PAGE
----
Food plant gas poisoning puts 15 workers in hospital

By Mike Stones

- Last updated on GMT

Fire fighters detected high levels of carbon monoxide at Riviera Produce in Cornwall
Fire fighters detected high levels of carbon monoxide at Riviera Produce in Cornwall
Suspected carbon monoxide poisoning resulted in 15 workers at Riviera Produce in Connor Downs, Cornwall being taken to the Royal Cornwall Hospital in Truro yesterday (March 12).

A spokeswoman for the Cornish Fire Brigade told that about 40 people were evacuated from the firm’s vegetable packaging area after complaining of feeling unwell at about noon.

One fire engine, accompanied by a hazardous materials officer and several ambulances attended the scene. “The fire fighters, who were wearing breathing apparatus, discovered higher than acceptable levels of carbon monoxide in the building,”​ said the spokeswoman.

Admitted to hospital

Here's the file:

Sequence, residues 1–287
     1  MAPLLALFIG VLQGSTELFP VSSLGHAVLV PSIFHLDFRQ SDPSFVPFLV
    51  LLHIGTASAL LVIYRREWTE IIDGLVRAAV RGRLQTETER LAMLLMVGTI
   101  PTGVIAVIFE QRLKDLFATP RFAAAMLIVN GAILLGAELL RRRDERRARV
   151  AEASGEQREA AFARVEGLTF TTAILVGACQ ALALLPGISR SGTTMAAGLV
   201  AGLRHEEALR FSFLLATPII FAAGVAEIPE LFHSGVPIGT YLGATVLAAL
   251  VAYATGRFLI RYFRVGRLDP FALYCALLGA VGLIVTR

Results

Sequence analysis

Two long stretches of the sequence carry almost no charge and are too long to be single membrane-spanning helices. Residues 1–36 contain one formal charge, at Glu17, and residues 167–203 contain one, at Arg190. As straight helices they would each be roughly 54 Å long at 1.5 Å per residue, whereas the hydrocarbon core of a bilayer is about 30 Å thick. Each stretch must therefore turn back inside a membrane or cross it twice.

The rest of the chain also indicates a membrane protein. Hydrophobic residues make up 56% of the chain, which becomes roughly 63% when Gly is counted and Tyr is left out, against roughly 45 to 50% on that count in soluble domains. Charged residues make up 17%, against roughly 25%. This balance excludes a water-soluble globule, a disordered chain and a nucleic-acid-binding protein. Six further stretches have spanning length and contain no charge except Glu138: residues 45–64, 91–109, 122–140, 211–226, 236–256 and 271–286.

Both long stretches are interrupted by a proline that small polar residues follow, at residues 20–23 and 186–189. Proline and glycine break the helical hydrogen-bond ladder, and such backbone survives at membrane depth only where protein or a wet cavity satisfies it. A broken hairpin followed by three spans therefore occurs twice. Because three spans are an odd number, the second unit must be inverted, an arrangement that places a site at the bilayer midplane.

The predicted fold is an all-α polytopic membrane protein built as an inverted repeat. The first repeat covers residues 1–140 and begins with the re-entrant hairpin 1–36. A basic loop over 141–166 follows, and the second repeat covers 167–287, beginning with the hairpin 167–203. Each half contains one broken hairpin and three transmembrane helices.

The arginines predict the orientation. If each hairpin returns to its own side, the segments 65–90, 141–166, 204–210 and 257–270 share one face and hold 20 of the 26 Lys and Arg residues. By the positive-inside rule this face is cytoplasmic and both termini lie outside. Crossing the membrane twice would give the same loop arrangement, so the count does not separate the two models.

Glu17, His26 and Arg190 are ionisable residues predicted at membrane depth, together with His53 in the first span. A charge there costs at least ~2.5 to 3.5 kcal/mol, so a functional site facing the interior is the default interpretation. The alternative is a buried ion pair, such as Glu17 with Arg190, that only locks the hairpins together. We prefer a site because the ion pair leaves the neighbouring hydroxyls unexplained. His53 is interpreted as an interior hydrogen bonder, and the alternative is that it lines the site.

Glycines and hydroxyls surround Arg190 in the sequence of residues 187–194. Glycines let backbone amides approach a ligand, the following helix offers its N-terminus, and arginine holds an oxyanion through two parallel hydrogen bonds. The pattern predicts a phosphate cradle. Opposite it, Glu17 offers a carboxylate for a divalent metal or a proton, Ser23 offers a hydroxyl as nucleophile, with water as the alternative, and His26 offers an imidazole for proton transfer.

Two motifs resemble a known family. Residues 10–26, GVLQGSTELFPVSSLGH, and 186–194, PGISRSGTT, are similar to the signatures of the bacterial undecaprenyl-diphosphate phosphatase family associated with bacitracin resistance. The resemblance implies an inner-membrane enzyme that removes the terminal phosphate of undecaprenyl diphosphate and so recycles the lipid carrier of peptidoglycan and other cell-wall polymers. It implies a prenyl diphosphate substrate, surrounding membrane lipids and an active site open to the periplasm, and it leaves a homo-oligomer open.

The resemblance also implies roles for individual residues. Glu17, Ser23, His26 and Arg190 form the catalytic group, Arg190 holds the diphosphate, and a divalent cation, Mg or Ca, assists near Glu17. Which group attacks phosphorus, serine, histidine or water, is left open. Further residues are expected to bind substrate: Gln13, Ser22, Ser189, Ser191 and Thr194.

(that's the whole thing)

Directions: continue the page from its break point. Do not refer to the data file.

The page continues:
Two West Country Ambulance personnel were also admitted to hospital.

A spokeswoman for the Royal Cornwall Hospital told that 17 people were admitted to hospital with suspected carbon monoxide poisoning. All were later discharged later on the same day, she added.

There are suggestions that the poisoning might be linked to a liquid-petroleum-gas fuelled forklift truck at the packing plant. The firm’s md, David Simmons told BBC News that tests were being carried out on the truck but the cause of the incident was not yet known.

Riviera Produce prepares and packs cauliflowers and cabbages for supermarkets throughout the UK.

Seriously injured

Meanwhile, more than 50 people die from accidental carbon monoxide poisoning each year in the UK and 200 people are seriously injured, according to the National Health Service webite

Symptoms include headache, nausea, dizziness, vomiting and confusion.

“Carbon monoxide is hard to detect because it has no smell, taste or colour. This also means that it is easy to inhale without realising,” warned the NHS website.

Those with mild symptoms of carbon monoxide poisoning usually make a full recovery.

But between 10 and 50% of people with serious carbon monoxide poisoning can have long-term problems, including heart damage.

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